Phones turn students into slaves

08:33, December 14, 2010      

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According to Xu Jingyang, a 23-year-old sophomore pursuing her second major in journalism at Communication University of China in Beijing, her cellphone "is as important as [her] lover."

Xu takes her cellphone wherever she goes, powering it on for 24 hours a day. When she sleeps, she puts it so easily and quickly within reach at anytime.

"I rely on my mobile phone too much. I don't dare turn it off. If it is powered off, I'm very uneasy to cut connections with others unless there's a tool that can replace the mobile phone, it's impossible for me to leave it," she told the Global Times.

Xu makes phone calls for dozens of times a day and sends hundreds of text massages, which costs her a least 300-yuan ($45) per month. One advantage is that her frequent phone use has increased her speed in sending text massages.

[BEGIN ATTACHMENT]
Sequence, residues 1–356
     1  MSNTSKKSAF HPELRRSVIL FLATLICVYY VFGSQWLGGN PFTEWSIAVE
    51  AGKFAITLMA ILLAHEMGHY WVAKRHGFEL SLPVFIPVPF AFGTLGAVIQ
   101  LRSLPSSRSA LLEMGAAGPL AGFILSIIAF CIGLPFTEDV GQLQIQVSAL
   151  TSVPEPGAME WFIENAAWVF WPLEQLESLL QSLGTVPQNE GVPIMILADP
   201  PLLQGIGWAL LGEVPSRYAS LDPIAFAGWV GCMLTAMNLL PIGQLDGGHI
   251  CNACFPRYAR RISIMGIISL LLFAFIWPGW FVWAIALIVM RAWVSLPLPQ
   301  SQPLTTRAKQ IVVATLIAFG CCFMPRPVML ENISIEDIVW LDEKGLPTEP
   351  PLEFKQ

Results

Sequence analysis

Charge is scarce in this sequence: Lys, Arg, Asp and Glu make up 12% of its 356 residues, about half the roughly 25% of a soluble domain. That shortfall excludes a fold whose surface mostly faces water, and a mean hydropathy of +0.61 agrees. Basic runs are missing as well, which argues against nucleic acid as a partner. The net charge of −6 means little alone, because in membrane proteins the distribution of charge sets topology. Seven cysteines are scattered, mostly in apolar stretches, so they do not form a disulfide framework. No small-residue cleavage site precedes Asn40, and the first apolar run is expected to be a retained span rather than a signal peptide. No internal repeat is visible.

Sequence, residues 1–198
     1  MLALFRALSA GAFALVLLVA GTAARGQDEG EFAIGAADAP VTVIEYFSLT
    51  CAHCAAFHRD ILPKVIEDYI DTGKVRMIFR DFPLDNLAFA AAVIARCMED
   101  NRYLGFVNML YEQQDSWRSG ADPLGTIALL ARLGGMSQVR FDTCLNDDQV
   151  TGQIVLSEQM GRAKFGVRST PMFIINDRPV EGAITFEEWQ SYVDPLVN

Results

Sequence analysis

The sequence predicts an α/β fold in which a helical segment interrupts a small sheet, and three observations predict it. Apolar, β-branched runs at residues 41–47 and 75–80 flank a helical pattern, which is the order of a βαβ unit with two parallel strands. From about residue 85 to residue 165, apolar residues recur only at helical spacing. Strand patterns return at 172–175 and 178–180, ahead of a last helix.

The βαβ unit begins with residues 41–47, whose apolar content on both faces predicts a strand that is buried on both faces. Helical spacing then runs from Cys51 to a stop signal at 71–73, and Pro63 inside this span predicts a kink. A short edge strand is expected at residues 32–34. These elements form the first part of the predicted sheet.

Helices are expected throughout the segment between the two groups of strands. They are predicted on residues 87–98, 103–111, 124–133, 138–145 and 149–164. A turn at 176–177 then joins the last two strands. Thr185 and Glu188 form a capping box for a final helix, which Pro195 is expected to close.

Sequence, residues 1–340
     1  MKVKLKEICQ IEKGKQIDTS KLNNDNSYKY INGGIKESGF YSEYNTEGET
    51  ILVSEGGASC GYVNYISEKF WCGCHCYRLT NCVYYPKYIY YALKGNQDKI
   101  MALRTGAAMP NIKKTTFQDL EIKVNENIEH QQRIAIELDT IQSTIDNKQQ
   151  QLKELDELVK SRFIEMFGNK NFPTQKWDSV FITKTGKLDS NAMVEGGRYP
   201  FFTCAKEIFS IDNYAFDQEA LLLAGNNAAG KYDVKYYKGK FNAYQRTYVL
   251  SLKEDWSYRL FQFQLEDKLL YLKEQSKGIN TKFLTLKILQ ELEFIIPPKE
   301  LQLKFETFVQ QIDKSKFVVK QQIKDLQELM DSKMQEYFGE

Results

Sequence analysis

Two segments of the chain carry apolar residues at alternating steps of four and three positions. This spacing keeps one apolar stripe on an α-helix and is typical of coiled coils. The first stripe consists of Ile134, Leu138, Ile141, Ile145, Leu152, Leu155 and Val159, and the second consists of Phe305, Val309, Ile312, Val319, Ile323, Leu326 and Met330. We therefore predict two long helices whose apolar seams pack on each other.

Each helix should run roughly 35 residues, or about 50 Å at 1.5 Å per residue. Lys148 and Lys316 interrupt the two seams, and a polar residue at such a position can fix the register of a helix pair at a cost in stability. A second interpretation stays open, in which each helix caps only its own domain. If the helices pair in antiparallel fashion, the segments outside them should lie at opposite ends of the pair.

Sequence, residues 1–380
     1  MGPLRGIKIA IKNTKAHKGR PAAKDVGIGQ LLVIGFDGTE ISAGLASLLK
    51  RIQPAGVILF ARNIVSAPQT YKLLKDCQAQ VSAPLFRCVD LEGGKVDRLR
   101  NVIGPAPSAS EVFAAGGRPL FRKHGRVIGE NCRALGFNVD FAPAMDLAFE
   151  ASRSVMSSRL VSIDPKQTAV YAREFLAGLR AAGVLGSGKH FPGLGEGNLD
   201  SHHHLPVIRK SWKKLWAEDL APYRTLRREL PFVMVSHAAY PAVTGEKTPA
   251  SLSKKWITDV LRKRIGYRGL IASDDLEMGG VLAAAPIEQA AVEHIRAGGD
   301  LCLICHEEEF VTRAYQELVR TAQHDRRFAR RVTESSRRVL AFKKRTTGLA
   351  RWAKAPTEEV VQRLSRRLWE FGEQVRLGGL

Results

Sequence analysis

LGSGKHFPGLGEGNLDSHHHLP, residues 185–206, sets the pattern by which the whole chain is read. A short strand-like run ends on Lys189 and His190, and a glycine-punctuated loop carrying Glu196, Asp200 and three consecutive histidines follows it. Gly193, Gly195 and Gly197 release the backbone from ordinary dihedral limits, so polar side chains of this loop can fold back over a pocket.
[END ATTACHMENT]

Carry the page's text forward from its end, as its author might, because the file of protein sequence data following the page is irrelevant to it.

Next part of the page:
"I can send them without looking at the keyboard," she said.

Cellphone dependency

Xu is not the only student addicted to cellphones. About 80 percent of college students surveyed at six universities in Hunan Province have what is called "mobile phone dependency syndrome." Among them, about 48 percent are "serious" cases, according to a recent report, College Students' Mobile Phone Dependency Syndrome Research, by Ouyang Youquan, president of Central South University's School of Literature in Changsha.

High anxiety

Typical cellphone dependency syndrome is anxiety if the phone isn't with the user. If it isn't ringing frequently the user will feel uncomfortable and even if there are no calls or text messages, he or she will frequently check the phone anyway, according to the report.

A 19-year-old sophomore surnamed Lin, who also declined to use her full name or identify her college in Fujian Province, said cellphones play a very important role in her life.

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